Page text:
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A Look at Barnstable Correctional's Attempt to Decrease Opioid Abuse in Massachusetts

After the Governor of Massachusetts, Deval Patrick declared the abuse of heroin and other opioids to be a public health crisis, initiatives were put into place in an attempt to combat the problem. One plan involved the introduction of a new addiction treatment program using Vivitrol (Naltrexone) injections at Barnstable County Correctional Facility in 2012. With each injection costing almost $1,000, has the program, so far, been effective? If so,will the program continue to be successful or will it end up being a costly mistake?

Vivitrol is an injection that blocks opioid receptors in the brain to reduce cravings and prevent addicts from using heroin and other opioids for approximately one month. Approved by the US Food and Drug Administration in 2005 for opioid treatment, Vivitrol is not addictive, nor does it have any street value.  While similar programs have been introduced in 25 states, they all remain in the early stages. As a result, there are no long term statistics available regarding Vivitrol’s success when used within the inmate population.

While other states sentence drug addicted offenders to Vivitrol programs, Barnstable’s program is the first voluntary “re-entry program” in the United States. Inmates who opt to participate are given their initial injection approximately one week before they are scheduled to be released. As part of the program, they are assisted with job placement and housing. Additionally, they are linked to outpatient care for ongoing counseling and appointments are set up for further injections. In many cases, additional shots are paid for by the state’s Medicaid program.

A participant’s progress is tracked after their release through their attendance in outpatient programs at the Gosnold on Cape Cod Treatment Center, as well as through contact with their families.  According to Barnstable Sheriff James Cummings,"We've had great success with it thus far."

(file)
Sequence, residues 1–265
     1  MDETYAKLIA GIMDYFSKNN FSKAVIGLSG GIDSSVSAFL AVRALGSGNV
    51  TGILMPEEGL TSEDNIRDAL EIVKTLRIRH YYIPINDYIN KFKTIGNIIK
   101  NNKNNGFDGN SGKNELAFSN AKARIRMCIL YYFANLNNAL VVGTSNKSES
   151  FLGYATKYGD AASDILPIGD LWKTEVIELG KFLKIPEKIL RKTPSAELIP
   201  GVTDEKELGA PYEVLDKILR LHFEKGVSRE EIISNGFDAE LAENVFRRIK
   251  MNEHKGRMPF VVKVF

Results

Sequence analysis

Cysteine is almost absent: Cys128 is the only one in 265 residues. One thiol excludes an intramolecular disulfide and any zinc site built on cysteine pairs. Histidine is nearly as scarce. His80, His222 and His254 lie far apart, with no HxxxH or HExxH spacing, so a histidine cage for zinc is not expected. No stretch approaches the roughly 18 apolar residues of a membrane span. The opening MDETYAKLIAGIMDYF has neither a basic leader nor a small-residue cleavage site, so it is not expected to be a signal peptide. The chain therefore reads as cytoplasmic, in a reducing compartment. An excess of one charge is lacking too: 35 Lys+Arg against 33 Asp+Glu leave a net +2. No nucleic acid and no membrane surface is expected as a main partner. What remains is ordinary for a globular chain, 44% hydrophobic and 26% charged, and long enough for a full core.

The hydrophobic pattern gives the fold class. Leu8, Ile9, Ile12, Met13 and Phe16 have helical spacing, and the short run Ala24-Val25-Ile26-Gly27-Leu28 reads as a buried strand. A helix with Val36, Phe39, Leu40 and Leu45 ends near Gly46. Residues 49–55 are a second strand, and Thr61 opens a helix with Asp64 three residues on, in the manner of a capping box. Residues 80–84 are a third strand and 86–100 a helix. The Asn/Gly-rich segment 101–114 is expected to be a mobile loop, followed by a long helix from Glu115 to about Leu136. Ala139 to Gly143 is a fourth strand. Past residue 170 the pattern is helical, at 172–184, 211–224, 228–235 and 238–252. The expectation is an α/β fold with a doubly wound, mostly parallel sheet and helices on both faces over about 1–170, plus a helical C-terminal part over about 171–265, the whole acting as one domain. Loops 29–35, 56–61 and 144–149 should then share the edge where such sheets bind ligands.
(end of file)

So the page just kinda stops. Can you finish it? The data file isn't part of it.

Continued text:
Recently data was released regarding more than 100 inmates who have gone through the Barnstable Program since it was launched in 2012. 21 percent of the participants have been re-incarcerated. This is significantly less than the national average. According to the U.S. Department of Justice, almost 70 percent of former inmates in the United States are rearrested within three years of their release. 57 percent of these arrests occur within one year of their release.

At first glance, $1,000 for one injection that lasts only a month at the most seems expensive. However, Cummings states, “The cost of one Naltrexone shot is 45 times less than what it takes to house an inmate for a year at Barnstable.”

Due to the success the program has seen so far, there are no plans to end the program. Cummings pointed out, “It is not the magic pill. It is just another tool, and as far as we are concerned a very effective tool."


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